High & Low: The Review

Warning: Spoilers Ahead

So sometime ago while checking out the offerings on Netflix, I came across High & Low: The Worst and placed it on my to watch list after viewing the trailer in the International section. The trailer had me thinking it was going to be a fun movie but a bit goofy and not much else. Come several months later as of the past few days, I found out how right and wrong I was about the movie as the ‘not much else’ bit was wrong. As there was quite a bit of story there that hits ya in the gut while also really enjoying the fight scenes that take place between rival schools and later, a gang called Kidra. I also soon found out this was part of a film series connected to a TV series and that the characters from the Housen School in H&W: The Worst are from another property called Crows that is now officially crossed over with the High & Low Franchise. Unfortunately, the TV series (only two seasons at the moment as far as I know) is not on Netflix at the (BOO!) moment and I don’t think the Crows Franchise is either.

There’s also another issue I have here, and that’s that Netflix doesn’t really bother to put the H&L films in the correct order and you have to rely on information from websites to know what order to watch everything in. So, basically, I watched H&L: The Worst first when I should’ve watched it last and basically unknowingly pulling a move I did back in High School with The Left Behind novel series. But, that’s okay because after doing all that, I found myself greatly coming to love this film series and perhaps even questioning my own sexuality a bit a few times as well.

Now, the High & Low Franchise features a fairly large cast made up of primarily (nearly all male) Japanese singers, and actors/actresses with the singers and models (though I might be somewhat wrong about that part) all being from the same banner of Exile Tribe. A Japanese super music group from the agency known as LDH. The group decided to do this universe as they wanted to do something that would be all sorts of great and that would also promote the value of friendship along the way.

I’m basically short hand simplifying all that but it works and there’s even Manga, an Anime, and a game you can play on Android if I’m not mistaken. In the beginning of this world (note that I have not seen the first two seasons, read the Manga, or watched the Anime, or played the game just yet) there was a powerful Biker crew called Mugen (Meaning Infinity) that was started by a pair of friends who were also Biker enthusiasts and things were okay as the group got bigger. At least until a Yakuza group called Kuryu decided they didn’t like this and caused some very unfortunate problems to happen in order to bring about the group’s end. Namely death and hospitalization. Another (side) factor in the collapse of the Mugen crew is a pair of Martial Artist brothers known as the Amamiya family who refused to go along with Mugen.

Now, fast forward sometime later and you have five new gangs that form in the aftermath of Mugen’s collapse. You’ve got the Sannoh Rengokai (or Sannoh Hoodlum Squad) which features a few former Mugen members, then the White Rascals, a group that like to dress in white and dedicate themselves to being the protectors of women. There’s the Oya Kohkoh (Oya High School), the Rude Boys, and Daruma Ikka as well.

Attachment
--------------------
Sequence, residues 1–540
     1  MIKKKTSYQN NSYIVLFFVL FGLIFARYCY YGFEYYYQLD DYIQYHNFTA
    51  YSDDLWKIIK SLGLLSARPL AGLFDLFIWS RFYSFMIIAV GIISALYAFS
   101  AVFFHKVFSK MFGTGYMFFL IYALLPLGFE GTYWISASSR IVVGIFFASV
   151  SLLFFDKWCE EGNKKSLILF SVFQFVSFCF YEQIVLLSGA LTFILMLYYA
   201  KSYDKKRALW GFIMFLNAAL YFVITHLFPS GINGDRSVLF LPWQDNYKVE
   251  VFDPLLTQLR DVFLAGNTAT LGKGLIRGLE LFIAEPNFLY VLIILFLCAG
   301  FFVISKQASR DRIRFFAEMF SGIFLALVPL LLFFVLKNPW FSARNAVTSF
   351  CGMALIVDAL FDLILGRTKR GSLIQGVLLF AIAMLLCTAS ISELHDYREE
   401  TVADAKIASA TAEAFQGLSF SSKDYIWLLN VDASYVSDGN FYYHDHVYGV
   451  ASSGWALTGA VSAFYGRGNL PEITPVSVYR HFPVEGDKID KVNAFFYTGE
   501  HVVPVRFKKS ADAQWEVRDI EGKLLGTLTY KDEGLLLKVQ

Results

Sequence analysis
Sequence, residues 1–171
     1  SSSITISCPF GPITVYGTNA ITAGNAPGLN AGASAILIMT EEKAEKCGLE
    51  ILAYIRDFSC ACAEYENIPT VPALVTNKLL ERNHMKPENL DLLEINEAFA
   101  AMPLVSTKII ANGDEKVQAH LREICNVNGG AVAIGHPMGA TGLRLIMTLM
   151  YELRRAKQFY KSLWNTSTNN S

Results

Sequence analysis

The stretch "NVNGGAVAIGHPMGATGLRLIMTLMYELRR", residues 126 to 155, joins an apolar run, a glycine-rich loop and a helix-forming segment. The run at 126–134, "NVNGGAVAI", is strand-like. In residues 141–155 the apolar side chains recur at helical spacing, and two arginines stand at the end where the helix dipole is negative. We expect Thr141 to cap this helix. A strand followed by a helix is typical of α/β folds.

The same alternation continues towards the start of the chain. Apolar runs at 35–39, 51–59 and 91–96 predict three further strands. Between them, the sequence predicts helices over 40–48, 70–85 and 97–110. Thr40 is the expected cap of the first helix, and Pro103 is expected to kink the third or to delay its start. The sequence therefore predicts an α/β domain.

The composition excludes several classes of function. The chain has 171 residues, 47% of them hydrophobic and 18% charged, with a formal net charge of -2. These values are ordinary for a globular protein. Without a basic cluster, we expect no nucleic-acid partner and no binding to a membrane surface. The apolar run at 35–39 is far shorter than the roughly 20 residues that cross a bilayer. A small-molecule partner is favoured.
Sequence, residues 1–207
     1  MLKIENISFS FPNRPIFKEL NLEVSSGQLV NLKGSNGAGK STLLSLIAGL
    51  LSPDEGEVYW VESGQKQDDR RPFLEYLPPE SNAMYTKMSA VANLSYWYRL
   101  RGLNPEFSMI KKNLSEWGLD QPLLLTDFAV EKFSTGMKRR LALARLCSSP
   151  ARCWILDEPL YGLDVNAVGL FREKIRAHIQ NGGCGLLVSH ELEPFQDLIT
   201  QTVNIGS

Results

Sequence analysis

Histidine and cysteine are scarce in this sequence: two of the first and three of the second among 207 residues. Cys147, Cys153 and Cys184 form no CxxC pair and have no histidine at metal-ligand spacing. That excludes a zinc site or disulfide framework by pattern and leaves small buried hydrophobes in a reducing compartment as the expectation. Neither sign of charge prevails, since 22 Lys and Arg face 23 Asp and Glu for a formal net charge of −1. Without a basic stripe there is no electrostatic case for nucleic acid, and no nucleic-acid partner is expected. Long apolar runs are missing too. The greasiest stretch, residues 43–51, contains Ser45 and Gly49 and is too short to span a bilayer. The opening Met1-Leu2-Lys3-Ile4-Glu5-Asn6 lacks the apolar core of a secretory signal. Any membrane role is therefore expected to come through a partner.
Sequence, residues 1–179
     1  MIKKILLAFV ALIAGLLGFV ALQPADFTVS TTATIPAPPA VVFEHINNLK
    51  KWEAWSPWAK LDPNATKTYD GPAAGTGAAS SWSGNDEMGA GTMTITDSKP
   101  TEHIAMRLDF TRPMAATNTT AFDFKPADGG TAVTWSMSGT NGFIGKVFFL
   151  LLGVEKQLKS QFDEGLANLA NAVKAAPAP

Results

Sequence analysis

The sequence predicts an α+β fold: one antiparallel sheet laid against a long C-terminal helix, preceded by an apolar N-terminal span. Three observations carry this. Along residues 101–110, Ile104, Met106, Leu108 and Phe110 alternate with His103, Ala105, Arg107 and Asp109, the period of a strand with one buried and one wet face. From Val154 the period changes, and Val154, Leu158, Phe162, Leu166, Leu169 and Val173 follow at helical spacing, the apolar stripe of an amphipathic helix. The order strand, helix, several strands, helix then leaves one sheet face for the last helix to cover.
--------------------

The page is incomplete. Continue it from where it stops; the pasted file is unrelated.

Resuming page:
Collectively, taking the first letter in each name, they are called SWORD and each protect/rule/what have you over different sections of the city. Occasionally getting into fights with one another for whatever reason. There’s a few other groups like the Prison Gang, Doubt, the Korean Mafia Chanson, and the Mighty Warriors and they tend to serve as antagonists for SWORD. Either under their own volition (especially if money’s involved for the Mighty Warriors) or at the request of Kuryu due to their own plans for the city SWORD is in. Now there’s quite a few fights that tend to happen and thankfully, each gang is color coded and or at least fashion minded so things don’t get confusing when there’s the really big blow outs. Now, Doubt is pretty much a problem for everyone in SWORD, especially for the White Rascals due to the fact that Doubt tend to kidnap women.

Doubt and its leader Ranmaru (Played by Nakamura Aoi)

Which, ironically, is how the Mighty Warriors end up with their only female member, Kana Oya’s Sarah, after the group interferes in something of theirs. And you’d think that would cause a conflict of interest between the two but I guess because money’s involved its not much of an issue. I also have to state with absolute conviction that I LOVE Kana’s Sarah in this world.

She’s damn capable of kicking ass and holding her liqour much to the detriment of those men who’ve tried to out drink her. She doesn’t say a lot and doesn’t necessarily have a huge role but the material Kana’s given is still enough to make her really shine. She’s also about the only woman in the series who, well… Even really does anything worth talking about. But I’ll get to that later on in this review and in the mean time, I’ll get to talking about the films. Road To High & Low basically condenses the two (or at least the first season) seasons of the show into one thing to give viewers (especially for us newbies) an idea of things. However, doing that kinda means you tend to not get everything due to how much or how little (take your pick) they put in. So you can either skip it and come back later after watching the other movies, or go ahead and watch it first.